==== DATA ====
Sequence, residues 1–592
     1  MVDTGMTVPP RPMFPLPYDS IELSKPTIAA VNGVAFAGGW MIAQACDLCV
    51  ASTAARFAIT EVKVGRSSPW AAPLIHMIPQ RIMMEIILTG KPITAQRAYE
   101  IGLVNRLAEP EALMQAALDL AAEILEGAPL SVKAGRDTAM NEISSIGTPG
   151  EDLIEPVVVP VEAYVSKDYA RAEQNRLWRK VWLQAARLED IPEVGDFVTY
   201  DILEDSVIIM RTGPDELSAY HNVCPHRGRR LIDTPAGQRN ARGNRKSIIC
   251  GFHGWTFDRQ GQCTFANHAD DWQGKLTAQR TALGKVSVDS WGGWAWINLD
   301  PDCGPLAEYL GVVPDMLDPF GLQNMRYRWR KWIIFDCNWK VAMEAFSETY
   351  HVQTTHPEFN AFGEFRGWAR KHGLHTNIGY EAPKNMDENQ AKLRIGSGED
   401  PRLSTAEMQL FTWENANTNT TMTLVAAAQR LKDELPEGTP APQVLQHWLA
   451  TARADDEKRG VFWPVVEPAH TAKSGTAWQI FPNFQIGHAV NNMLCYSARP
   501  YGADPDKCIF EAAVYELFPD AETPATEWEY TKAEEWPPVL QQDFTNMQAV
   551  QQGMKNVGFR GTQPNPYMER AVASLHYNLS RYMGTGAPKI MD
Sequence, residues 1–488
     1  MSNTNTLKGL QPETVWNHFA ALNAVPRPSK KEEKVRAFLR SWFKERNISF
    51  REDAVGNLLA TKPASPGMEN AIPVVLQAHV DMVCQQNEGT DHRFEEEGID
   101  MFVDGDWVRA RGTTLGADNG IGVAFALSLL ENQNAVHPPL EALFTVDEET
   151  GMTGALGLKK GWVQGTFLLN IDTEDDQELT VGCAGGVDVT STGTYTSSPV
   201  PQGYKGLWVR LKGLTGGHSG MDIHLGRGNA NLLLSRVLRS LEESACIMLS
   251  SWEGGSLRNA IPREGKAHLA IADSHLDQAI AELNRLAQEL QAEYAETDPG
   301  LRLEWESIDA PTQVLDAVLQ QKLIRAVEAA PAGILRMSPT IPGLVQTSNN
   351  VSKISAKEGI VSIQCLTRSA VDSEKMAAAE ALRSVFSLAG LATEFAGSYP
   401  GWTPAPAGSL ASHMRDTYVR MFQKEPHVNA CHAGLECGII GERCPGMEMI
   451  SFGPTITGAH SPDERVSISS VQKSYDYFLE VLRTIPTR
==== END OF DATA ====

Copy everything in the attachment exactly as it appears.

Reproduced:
Sequence, residues 1–592
     1  MVDTGMTVPP RPMFPLPYDS IELSKPTIAA VNGVAFAGGW MIAQACDLCV
    51  ASTAARFAIT EVKVGRSSPW AAPLIHMIPQ RIMMEIILTG KPITAQRAYE
   101  IGLVNRLAEP EALMQAALDL AAEILEGAPL SVKAGRDTAM NEISSIGTPG
   151  EDLIEPVVVP VEAYVSKDYA RAEQNRLWRK VWLQAARLED IPEVGDFVTY
   201  DILEDSVIIM RTGPDELSAY HNVCPHRGRR LIDTPAGQRN ARGNRKSIIC
   251  GFHGWTFDRQ GQCTFANHAD DWQGKLTAQR TALGKVSVDS WGGWAWINLD
   301  PDCGPLAEYL GVVPDMLDPF GLQNMRYRWR KWIIFDCNWK VAMEAFSETY
   351  HVQTTHPEFN AFGEFRGWAR KHGLHTNIGY EAPKNMDENQ AKLRIGSGED
   401  PRLSTAEMQL FTWENANTNT TMTLVAAAQR LKDELPEGTP APQVLQHWLA
   451  TARADDEKRG VFWPVVEPAH TAKSGTAWQI FPNFQIGHAV NNMLCYSARP
   501  YGADPDKCIF EAAVYELFPD AETPATEWEY TKAEEWPPVL QQDFTNMQAV
   551  QQGMKNVGFR GTQPNPYMER AVASLHYNLS RYMGTGAPKI MD
Sequence, residues 1–488
     1  MSNTNTLKGL QPETVWNHFA ALNAVPRPSK KEEKVRAFLR SWFKERNISF
    51  REDAVGNLLA TKPASPGMEN AIPVVLQAHV DMVCQQNEGT DHRFEEEGID
   101  MFVDGDWVRA RGTTLGADNG IGVAFALSLL ENQNAVHPPL EALFTVDEET
   151  GMTGALGLKK GWVQGTFLLN IDTEDDQELT VGCAGGVDVT STGTYTSSPV
   201  PQGYKGLWVR LKGLTGGHSG MDIHLGRGNA NLLLSRVLRS LEESACIMLS
   251  SWEGGSLRNA IPREGKAHLA IADSHLDQAI AELNRLAQEL QAEYAETDPG
   301  LRLEWESIDA PTQVLDAVLQ QKLIRAVEAA PAGILRMSPT IPGLVQTSNN
   351  VSKISAKEGI VSIQCLTRSA VDSEKMAAAE ALRSVFSLAG LATEFAGSYP
   401  GWTPAPAGSL ASHMRDTYVR MFQKEPHVNA CHAGLECGII GERCPGMEMI
   451  SFGPTITGAH SPDERVSISS VQKSYDYFLE VLRTIPTR